reports from this year’s Singles Day (Nov. 11) indicate a strong consumer
willing and eager to spend. According to the South China Morning Post, Chinese
consumers collectively spent 268.4 billion yuan (US$38.4 billion) on Singles’
Day. This set a new record, up from approximately $30.8 billion in 2018.5

This data suggests that, while the
Chinese economy remains under pressure, it may easily tolerate the situation
and may not be forced into any concessions that it is not fully comfortable
with.

Market
implications

However, the possibility that a Phase
1 deal falls through has market implications. In my view, failure to secure
such a deal would be likely to send risk assets such as stocks downward. In
such a scenario, Treasury yields would likely go down and gold would likely go
up. While my base case remains that a Phase 1 deal comes to fruition, the risks
are increasing —
especially the risk that it could be delayed. I must stress that investors
should prepare for — but
not be frightened by — the possibility that a Phase 1 deal does not come to fruition or
is delayed significantly. I believe any kind of resulting sell-off would be
relatively muted and short-lived because of the cushion being created under
risk assets by central bank accommodation. And any resulting sell-off could
represent a buying opportunity for investors with longer time horizons.

1 Source: Bloomberg News, “U.S.
Says Phase-One China Deal Would Include Tariff Rollback,” Nov. 7, 2019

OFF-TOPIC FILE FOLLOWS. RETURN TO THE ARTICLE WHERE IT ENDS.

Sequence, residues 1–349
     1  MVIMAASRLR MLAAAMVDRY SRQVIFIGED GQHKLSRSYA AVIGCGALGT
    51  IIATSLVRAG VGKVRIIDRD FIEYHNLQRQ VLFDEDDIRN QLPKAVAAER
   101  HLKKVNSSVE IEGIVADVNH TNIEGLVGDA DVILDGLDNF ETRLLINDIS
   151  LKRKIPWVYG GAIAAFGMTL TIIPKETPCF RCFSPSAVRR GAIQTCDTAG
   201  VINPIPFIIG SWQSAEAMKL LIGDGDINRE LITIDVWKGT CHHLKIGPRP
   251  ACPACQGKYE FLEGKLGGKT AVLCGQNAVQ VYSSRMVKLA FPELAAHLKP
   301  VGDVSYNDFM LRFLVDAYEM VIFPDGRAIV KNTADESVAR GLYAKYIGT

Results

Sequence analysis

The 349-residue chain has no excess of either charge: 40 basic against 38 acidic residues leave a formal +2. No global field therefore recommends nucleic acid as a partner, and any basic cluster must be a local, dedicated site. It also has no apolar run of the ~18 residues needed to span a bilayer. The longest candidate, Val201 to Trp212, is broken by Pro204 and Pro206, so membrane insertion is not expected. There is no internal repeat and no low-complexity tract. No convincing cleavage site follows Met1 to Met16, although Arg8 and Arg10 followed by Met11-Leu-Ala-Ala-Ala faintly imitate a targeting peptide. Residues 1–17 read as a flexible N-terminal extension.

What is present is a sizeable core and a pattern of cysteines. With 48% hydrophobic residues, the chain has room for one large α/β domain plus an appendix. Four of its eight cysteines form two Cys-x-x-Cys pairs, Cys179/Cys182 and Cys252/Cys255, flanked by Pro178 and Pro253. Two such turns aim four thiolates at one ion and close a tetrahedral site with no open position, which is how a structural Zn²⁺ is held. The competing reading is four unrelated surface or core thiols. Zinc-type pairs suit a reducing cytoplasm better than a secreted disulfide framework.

2 Source: CNBC, “China October
soybean imports fall 10.7% from year earlier- customs,” Nov. 7, 2019

3 Sources: IHS Markit, Caixin,
Nov. 5, 2019

4 Source: South China Morning
Post, Nov. 8, 2019

5 Source: South China Morning
Post, Nov. 11, 2019

Important
Information

Blog header
image: James Ross / Stocksy

All investing involves risk, including the risk of loss.

The Caixin China Composite Purchasing Managers’ Index (PMI) is
considered an indicator of economic health for the Chinese manufacturing and
services sectors. It is based on survey responses from senior purchasing
executives.

The opinions referenced above are those of Kristina Hooper as of Nov. 11, 2019. These comments should
not be construed as recommendations, but as an illustration of broader themes.
Forward-looking statements are not guarantees of future results. They involve
risks, uncertainties and assumptions; there can be no assurance that actual
results will not differ materially from expectations.

Kristina Hooper is the Chief Global Market Strategist at Invesco. She has 21 years of investment industry experience.

Prior to joining Invesco, Ms. Hooper was the US investment strategist at Allianz Global Investors. Prior to Allianz, she held positions at PIMCO Funds, UBS (formerly PaineWebber) and MetLife. She has regularly been quoted in The Wall Street Journal, The New York Times, Reuters and other financial news publications. She was featured on the cover of the January 2015 issue of Kiplinger’s magazine, and has appeared regularly on CNBC and Reuters TV.

Ms. Hooper earned a BA degree, cum laude, from Wellesley College; a J.D. from Pace University School of Law, where she was a Trustees’ Merit Scholar; an MBA in finance from New York University, Leonard N. Stern School of Business, where she was a teaching fellow in macroeconomics and organizational behavior; and a master’s degree from the Cornell University School of Industrial and Labor Relations, where she focused on labor economics.

Ms. Hooper holds the Certified Financial Planner, Chartered Alternative Investment Analyst, Certified Investment Management Analyst and Chartered Financial Consultant designations. She serves on the board of trustees of the Foundation for Financial Planning, which is the pro bono arm of the financial planning industry, and Hour Children.